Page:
Colin Ranshaw: no one responsible for managing patients' medicines

Best kept secret

Opening his address, Mr Ranshaw said that pharmacists were the best kept secret of the NHS. All too often, when new services were being discussed, or new ways of delivering existing services were proposed, no-one remembered the pharmacist. All the discussion seemed to focus on the doctors and nurses, and yet there were as many community pharmacists in Wales as there were GPs. Pharmacists were an underused resource. About £1 in every £8 spent on the NHS went on medicines. For many patients, medicines were the only treatment option. But individual medicines could be harmful if not properly prescribed, dispensed and used. Patients needed help and advice and their use of medicines monitored over time in relation to their symptoms. In many cases, pharmacists (working with GPs) were the best placed to do this.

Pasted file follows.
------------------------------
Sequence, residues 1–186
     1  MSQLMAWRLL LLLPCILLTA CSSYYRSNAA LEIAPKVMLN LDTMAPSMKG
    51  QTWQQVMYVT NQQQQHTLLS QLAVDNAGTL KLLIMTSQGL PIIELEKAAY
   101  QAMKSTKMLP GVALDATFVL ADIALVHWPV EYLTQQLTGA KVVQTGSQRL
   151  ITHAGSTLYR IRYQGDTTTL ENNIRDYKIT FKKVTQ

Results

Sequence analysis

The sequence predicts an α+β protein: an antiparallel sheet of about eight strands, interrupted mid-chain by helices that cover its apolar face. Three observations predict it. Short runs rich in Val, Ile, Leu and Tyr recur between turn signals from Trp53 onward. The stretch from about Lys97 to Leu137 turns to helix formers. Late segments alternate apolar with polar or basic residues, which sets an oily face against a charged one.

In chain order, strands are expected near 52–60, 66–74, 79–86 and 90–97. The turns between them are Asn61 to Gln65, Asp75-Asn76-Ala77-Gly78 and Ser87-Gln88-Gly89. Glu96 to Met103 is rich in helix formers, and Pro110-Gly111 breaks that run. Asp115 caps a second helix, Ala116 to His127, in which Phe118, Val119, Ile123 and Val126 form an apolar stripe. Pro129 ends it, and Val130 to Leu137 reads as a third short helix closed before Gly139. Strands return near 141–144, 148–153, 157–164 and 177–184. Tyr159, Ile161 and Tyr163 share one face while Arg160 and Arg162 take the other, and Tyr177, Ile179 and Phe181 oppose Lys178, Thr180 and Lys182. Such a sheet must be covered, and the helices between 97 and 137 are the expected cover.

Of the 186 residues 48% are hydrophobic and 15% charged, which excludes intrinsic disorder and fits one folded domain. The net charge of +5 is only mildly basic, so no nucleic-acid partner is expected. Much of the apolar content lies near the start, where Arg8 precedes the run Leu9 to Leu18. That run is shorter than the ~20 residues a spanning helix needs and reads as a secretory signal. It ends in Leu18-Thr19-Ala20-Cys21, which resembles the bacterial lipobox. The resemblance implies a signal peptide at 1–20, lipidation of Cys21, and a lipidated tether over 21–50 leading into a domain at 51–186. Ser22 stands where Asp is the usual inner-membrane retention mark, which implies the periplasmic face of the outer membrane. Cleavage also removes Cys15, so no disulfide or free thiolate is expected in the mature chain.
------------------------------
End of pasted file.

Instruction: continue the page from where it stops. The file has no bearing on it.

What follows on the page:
Mr Ranshaw said that pharmacists managing patients' medicines would help reduce the waste generated by unnecessary repeats.
One of the great strengths of community pharmacy was that it offered choice. Each pharmacist sought to provide what the local population wanted but if he or she failed to do so people could take their custom elsewhere. So, arguably, community pharmacists were the most responsive of health care professionals to patients' preferences.
The current work of the Prescribing Task and Finish Group, which had been set up by the Welsh Assembly to report on prescribing and provision of pharmaceutical services and the supply of pharmaceuticals, was an opportunity to review services from the patient's perspective. Pharmacists helping patients manage their medicines would deliver quality pharmaceutical care which would meet the needs of each individual patient.